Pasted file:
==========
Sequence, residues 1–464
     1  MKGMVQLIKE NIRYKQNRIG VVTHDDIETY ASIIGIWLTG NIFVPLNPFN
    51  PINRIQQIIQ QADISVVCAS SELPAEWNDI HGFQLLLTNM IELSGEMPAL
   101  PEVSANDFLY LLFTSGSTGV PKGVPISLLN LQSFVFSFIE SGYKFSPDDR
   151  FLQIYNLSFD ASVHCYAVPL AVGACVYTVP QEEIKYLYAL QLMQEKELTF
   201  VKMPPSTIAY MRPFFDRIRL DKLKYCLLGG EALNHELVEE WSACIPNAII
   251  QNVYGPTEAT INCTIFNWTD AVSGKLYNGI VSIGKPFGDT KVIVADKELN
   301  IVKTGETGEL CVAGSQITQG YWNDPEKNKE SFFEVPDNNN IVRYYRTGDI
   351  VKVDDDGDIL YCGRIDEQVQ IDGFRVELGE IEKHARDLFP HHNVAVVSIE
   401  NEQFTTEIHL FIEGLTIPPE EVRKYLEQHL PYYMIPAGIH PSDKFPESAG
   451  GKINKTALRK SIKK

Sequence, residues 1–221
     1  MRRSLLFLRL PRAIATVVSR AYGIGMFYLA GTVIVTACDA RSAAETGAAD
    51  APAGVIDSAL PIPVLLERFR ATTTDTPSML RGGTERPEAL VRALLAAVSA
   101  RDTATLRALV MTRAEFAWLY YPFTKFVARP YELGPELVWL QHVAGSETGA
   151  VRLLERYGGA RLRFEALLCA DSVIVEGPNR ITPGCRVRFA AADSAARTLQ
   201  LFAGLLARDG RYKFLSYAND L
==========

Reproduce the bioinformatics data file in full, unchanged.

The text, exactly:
Sequence, residues 1–464
     1  MKGMVQLIKE NIRYKQNRIG VVTHDDIETY ASIIGIWLTG NIFVPLNPFN
    51  PINRIQQIIQ QADISVVCAS SELPAEWNDI HGFQLLLTNM IELSGEMPAL
   101  PEVSANDFLY LLFTSGSTGV PKGVPISLLN LQSFVFSFIE SGYKFSPDDR
   151  FLQIYNLSFD ASVHCYAVPL AVGACVYTVP QEEIKYLYAL QLMQEKELTF
   201  VKMPPSTIAY MRPFFDRIRL DKLKYCLLGG EALNHELVEE WSACIPNAII
   251  QNVYGPTEAT INCTIFNWTD AVSGKLYNGI VSIGKPFGDT KVIVADKELN
   301  IVKTGETGEL CVAGSQITQG YWNDPEKNKE SFFEVPDNNN IVRYYRTGDI
   351  VKVDDDGDIL YCGRIDEQVQ IDGFRVELGE IEKHARDLFP HHNVAVVSIE
   401  NEQFTTEIHL FIEGLTIPPE EVRKYLEQHL PYYMIPAGIH PSDKFPESAG
   451  GKINKTALRK SIKK

Sequence, residues 1–221
     1  MRRSLLFLRL PRAIATVVSR AYGIGMFYLA GTVIVTACDA RSAAETGAAD
    51  APAGVIDSAL PIPVLLERFR ATTTDTPSML RGGTERPEAL VRALLAAVSA
   101  RDTATLRALV MTRAEFAWLY YPFTKFVARP YELGPELVWL QHVAGSETGA
   151  VRLLERYGGA RLRFEALLCA DSVIVEGPNR ITPGCRVRFA AADSAARTLQ
   201  LFAGLLARDG RYKFLSYAND L